US rates matter…but not always

Here are the most Astute Investors in Asia and their views on decoupling

Domestic liquidity conditions in Asia could become an increasingly important factor that determines the direction of rates in local markets, a survey of Astute Investors by Asset Benchmark Research (ABR) reveals.

However, US interest rates continue to hold sway especially at the short end. A majority (52%) of respondents place greater value on the impact of US rates on Asia. The ABR survey asked ranked Astute Investors for their views on the potential decoupling of interest rates between emerging markets and the US. More than 200 Astute Investors participated.

 

Note: Partial includes those who see US interest rates as one of the factors (but not necessarily the dominant one) influencing emerging market rates.

Source: Asset Benchmark Research

A minority of investors say that rate decoupling is happening, citing the world's second largest economy. "China has been easing monetary policy, which has led to declining interest rates and thus renminbi bonds offer diversification benefits to investors," shares Ken Hu, chief investment officer of Invesco who specializes in Asia-Pacific fixed income.

Strong economic fundamentals are another element supporting the decoupling theory. "EM (emerging market) countries with stronger economic fundamentals could better weather rising US rates than weaker peers and even benefit from it if perceived as a safe haven among EM," explains a fund manager at an insurance company in Malaysia.

Investors believe onshore liquidity, oil prices, and the inflation rate are having a bigger impact on local market rates. Growth differentials between EM and DM (developed markets) still prevail. Take the case of Thailand where the current account is strong at +8% to GDP along with abundant onshore liquidity. This can cap long-dated yields. The only concern is the rising oil price, which has already hit two-year THB rate by 40-45bps," notes Arsa Indaravijaya, head of investment of Government Pension Fund, Thailand.

Not everyone believes local conditions are more important. "EM markets will definitely be impacted by the US interest rate movement with reduced premium, owing to the narrowing of the interest differential between local and US rates," says Alfred Mui, head of Asian credit at HSBC Global Asset Management, Hong Kong. Yet he believes that domestic macro factors such as inflation, growth, currency, external positioning and political considerations will dictate how resilient a particular EM country is amid increasing US interest rate volatility.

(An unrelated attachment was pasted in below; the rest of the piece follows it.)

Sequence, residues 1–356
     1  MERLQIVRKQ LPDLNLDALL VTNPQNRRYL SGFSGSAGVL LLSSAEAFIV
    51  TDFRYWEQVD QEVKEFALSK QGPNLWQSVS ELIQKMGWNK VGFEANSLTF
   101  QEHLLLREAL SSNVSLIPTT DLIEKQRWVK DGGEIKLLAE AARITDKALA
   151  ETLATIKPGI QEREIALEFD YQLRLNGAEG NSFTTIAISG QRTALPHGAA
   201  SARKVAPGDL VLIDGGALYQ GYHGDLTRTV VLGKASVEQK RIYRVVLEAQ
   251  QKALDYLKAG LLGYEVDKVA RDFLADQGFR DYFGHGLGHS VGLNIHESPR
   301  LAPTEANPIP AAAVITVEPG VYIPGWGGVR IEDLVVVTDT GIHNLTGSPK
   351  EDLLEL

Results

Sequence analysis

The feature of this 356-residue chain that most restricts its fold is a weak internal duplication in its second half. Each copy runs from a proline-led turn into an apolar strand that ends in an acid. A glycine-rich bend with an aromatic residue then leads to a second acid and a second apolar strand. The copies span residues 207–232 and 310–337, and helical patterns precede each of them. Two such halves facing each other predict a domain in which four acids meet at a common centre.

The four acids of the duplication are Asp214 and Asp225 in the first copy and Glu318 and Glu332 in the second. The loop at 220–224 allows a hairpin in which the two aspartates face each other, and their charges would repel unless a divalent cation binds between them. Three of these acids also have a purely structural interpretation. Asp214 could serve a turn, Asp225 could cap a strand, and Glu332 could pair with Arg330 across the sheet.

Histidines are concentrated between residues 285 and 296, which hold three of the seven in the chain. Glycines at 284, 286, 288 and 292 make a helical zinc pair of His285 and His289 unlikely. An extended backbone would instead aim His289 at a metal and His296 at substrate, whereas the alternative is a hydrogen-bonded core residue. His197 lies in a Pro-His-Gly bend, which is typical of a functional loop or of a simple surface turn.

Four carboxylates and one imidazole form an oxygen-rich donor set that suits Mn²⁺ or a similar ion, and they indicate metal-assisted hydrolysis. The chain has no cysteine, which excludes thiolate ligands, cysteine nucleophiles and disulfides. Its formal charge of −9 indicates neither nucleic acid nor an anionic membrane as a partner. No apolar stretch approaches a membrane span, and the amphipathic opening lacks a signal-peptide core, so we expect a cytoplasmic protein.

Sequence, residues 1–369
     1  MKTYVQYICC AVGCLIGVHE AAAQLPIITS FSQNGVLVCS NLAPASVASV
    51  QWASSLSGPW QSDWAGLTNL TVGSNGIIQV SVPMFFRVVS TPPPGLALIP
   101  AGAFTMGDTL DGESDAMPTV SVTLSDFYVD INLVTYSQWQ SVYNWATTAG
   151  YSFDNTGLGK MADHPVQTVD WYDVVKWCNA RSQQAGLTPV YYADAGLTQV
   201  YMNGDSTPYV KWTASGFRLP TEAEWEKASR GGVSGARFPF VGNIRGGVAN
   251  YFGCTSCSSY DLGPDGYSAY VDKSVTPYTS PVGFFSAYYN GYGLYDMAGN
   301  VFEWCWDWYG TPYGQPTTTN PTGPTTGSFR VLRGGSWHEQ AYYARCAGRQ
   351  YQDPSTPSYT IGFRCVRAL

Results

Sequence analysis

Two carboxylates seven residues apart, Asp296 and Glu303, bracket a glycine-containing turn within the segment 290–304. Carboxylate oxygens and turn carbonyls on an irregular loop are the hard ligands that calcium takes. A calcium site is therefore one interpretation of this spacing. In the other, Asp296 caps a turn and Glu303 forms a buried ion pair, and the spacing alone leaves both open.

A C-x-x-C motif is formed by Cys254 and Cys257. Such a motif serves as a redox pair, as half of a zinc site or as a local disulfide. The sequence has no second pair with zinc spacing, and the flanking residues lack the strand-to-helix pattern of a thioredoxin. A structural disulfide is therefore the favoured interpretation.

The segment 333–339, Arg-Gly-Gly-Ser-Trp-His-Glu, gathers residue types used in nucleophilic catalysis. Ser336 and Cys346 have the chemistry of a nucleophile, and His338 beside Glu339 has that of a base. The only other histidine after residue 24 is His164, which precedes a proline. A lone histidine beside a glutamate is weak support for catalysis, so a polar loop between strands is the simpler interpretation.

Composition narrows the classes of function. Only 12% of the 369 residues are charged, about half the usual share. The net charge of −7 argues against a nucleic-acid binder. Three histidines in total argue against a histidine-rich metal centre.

Another investor shares the same view. "Decoupling can come only in scenarios of adverse monetary policy divergences between DM and EM which I am not seeing," Alvin Maala, a senior portfolio manager at Nikko Asset Management in Singapore, points out.

The Asian Local Currency Bond Benchmark Review covers 10 markets including China (onshore and offshore), Hong Kong, India, Indonesia, Malaysia, the Philippines, Singapore, Taiwan and Thailand. It has been conducted annually since 2000. It provides a wealth of data on the product needs of investors and the market penetration of the banks that are active in local currency bonds. It also provides detailed analysis of investors' buying behaviour when selecting their counterparties, giving unprecedented access into the minds of investors.

To view the rankings of the most Astute Investors in Asian local currency bonds by country, please click here.

To view the rankings of the top five investment houses in Asian local currency bonds by country, please click here.

To find out more about Asset Benchmark Research and our Asian Local Currency Bond Benchmark Review, please click here.